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Familial tuberculosis mimicking advanced ovarian cancer.

Yassaee F, Farzaneh F - Infect Dis Obstet Gynecol (2009)

Bottom Line: Family history is very important and should be considered for differential diagnosis.Three cases of genital TB with presentation of abdominopelvic masses and with no signs and symptoms of TB were presented.Two of them had positive family history of pulmonary TB.

View Article: PubMed Central - PubMed

Affiliation: Infertility and Reproductive Health Research Center, Taleghani Hospital, Medical University of Shahid Beheshti, Tehran 1985717443, Iran.

ABSTRACT
Genital TB may present as on abdominopelvic mass mimicking ovarian malignancy because clinical and laboratory findings are similar. Family history is very important and should be considered for differential diagnosis. Three cases of genital TB with presentation of abdominopelvic masses and with no signs and symptoms of TB were presented. Two of them had positive family history of pulmonary TB. Tissue diagnosis was the best method for diagnosis of genital TB, but it should be reminded that if positive family history of TB was present, mini laparotomy should be done to take biopsy and to make rapid diagnosis before treatment.

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Related in: MedlinePlus

Microscopic picture showing chronic granulomatous inflammation with epitheloid histiocytes and Langhans type multinucleated giant cells (Case 1).
© Copyright Policy - open-access
Related In: Results  -  Collection


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fig1: Microscopic picture showing chronic granulomatous inflammation with epitheloid histiocytes and Langhans type multinucleated giant cells (Case 1).

Mentions: A 24-year-old married, igravid woman was referred from gasteroentrology ward to the gynecologic ward with the complain of abdominal pain and distension, nausea, on and off vomiting in the preceding 3 months. Her past medical history was unremarkable but in gynecologic history hypomenorrhea was highlighted (Figure 1). Family history revealed that her father had been diagnosed with pulmory TB, also her cousin had been involved with genital TB. During physical examination, she was a pale young lady with a distended abdomen and a fixed mass palpated up to the umbilicus.


Familial tuberculosis mimicking advanced ovarian cancer.

Yassaee F, Farzaneh F - Infect Dis Obstet Gynecol (2009)

Microscopic picture showing chronic granulomatous inflammation with epitheloid histiocytes and Langhans type multinucleated giant cells (Case 1).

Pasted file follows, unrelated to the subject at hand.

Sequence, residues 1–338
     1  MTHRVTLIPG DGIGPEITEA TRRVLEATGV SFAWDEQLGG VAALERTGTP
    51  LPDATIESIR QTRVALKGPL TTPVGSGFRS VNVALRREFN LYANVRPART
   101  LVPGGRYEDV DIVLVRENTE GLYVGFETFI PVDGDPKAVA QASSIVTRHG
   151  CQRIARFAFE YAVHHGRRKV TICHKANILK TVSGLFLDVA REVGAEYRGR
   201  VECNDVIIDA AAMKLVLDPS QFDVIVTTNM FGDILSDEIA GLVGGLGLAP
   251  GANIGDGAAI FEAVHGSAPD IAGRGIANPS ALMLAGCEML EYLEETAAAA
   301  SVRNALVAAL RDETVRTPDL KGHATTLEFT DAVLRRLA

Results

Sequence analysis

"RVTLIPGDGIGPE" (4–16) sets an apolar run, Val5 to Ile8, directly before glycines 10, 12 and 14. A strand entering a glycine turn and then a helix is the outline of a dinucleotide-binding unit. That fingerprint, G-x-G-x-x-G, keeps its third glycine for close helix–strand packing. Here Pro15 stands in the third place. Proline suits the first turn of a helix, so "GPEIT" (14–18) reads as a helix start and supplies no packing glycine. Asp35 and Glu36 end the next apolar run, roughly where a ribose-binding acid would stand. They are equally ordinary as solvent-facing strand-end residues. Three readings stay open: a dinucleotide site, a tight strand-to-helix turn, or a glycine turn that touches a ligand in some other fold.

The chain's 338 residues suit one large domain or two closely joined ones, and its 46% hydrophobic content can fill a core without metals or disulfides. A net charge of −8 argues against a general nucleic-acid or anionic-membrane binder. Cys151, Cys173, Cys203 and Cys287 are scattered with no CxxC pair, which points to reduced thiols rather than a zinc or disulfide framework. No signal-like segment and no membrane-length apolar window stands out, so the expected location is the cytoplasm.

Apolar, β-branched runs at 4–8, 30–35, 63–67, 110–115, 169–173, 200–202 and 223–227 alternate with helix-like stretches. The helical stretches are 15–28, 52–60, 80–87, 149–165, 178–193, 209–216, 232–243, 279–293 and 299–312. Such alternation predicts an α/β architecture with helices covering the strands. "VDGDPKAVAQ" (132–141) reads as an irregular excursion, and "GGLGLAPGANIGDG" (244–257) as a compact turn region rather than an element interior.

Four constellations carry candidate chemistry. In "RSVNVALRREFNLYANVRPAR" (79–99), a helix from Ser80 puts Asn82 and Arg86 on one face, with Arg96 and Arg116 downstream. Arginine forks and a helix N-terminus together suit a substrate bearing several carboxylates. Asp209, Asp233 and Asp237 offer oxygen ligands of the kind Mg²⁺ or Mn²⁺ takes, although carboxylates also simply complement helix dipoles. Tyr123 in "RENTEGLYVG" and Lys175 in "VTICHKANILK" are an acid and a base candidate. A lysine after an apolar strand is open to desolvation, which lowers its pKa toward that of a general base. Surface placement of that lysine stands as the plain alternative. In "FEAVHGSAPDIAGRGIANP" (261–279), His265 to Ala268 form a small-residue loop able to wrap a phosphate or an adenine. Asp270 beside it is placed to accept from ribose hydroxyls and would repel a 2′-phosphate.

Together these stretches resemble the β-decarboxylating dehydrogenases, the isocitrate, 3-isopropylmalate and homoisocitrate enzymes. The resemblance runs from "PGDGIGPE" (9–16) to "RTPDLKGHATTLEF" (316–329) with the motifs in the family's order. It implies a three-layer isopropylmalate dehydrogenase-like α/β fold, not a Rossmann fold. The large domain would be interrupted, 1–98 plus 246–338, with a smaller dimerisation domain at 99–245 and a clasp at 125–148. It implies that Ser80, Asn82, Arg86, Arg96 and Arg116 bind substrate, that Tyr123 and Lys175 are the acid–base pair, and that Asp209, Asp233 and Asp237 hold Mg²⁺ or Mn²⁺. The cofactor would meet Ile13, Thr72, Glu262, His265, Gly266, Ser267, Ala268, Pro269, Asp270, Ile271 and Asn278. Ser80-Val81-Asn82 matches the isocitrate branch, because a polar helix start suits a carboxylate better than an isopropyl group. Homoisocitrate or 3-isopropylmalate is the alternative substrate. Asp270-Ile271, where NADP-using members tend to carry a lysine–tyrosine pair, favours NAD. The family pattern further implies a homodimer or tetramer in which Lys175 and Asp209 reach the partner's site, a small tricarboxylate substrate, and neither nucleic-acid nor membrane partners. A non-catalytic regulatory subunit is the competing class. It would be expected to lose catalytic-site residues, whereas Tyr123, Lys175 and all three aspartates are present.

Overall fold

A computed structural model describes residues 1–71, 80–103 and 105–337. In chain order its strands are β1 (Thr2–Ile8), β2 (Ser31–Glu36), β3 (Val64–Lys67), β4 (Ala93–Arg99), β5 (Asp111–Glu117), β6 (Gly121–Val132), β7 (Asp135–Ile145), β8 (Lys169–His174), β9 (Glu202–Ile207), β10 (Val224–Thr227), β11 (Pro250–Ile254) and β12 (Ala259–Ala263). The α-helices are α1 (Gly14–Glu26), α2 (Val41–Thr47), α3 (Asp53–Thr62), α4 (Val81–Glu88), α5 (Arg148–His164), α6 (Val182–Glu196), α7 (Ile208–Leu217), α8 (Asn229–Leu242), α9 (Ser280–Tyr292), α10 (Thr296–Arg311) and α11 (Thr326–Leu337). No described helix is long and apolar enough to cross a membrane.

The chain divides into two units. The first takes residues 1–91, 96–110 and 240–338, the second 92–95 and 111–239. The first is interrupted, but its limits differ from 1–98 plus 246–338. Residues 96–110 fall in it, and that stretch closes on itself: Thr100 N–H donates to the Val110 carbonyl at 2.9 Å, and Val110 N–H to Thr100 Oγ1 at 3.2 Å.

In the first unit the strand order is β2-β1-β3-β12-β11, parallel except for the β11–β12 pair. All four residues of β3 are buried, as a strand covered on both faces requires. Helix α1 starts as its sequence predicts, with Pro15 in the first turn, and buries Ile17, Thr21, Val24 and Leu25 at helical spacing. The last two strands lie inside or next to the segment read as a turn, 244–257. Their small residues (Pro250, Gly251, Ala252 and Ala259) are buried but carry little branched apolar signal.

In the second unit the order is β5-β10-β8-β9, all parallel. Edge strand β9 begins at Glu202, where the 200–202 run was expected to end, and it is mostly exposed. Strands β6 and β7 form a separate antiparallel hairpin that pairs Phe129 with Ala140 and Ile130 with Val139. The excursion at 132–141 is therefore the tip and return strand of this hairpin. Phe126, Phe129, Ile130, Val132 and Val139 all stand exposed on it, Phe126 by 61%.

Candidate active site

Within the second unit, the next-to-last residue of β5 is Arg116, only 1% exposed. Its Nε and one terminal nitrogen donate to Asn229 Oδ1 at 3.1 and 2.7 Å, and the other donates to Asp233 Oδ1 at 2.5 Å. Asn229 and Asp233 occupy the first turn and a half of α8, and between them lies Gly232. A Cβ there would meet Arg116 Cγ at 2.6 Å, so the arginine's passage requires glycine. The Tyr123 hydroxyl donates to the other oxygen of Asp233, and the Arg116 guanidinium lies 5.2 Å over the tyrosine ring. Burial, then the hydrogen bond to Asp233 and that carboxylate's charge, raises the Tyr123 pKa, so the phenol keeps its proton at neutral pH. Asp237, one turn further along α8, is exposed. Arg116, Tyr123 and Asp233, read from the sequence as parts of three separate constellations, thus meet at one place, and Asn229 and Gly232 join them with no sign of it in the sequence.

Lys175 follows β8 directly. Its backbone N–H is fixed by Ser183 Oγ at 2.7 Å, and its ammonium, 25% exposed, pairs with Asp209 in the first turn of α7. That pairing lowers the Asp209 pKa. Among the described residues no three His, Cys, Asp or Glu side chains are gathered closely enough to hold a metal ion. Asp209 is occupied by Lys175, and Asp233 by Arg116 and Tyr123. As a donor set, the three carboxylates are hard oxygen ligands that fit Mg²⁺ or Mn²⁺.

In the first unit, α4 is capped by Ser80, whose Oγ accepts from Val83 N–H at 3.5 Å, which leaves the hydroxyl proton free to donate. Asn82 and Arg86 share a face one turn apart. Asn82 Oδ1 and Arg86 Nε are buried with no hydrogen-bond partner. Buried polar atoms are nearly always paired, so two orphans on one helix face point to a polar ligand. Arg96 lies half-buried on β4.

© Copyright Policy - open-access
Related In: Results  -  Collection

Show All Figures
getmorefigures.php?uid=PMC2801018&req=5

fig1: Microscopic picture showing chronic granulomatous inflammation with epitheloid histiocytes and Langhans type multinucleated giant cells (Case 1).
Mentions: A 24-year-old married, igravid woman was referred from gasteroentrology ward to the gynecologic ward with the complain of abdominal pain and distension, nausea, on and off vomiting in the preceding 3 months. Her past medical history was unremarkable but in gynecologic history hypomenorrhea was highlighted (Figure 1). Family history revealed that her father had been diagnosed with pulmory TB, also her cousin had been involved with genital TB. During physical examination, she was a pale young lady with a distended abdomen and a fixed mass palpated up to the umbilicus.

Bottom Line: Family history is very important and should be considered for differential diagnosis.Three cases of genital TB with presentation of abdominopelvic masses and with no signs and symptoms of TB were presented.Two of them had positive family history of pulmonary TB.

View Article: PubMed Central - PubMed

Affiliation: Infertility and Reproductive Health Research Center, Taleghani Hospital, Medical University of Shahid Beheshti, Tehran 1985717443, Iran.

ABSTRACT
Genital TB may present as on abdominopelvic mass mimicking ovarian malignancy because clinical and laboratory findings are similar. Family history is very important and should be considered for differential diagnosis. Three cases of genital TB with presentation of abdominopelvic masses and with no signs and symptoms of TB were presented. Two of them had positive family history of pulmonary TB. Tissue diagnosis was the best method for diagnosis of genital TB, but it should be reminded that if positive family history of TB was present, mini laparotomy should be done to take biopsy and to make rapid diagnosis before treatment.

Show MeSH
Related in: MedlinePlus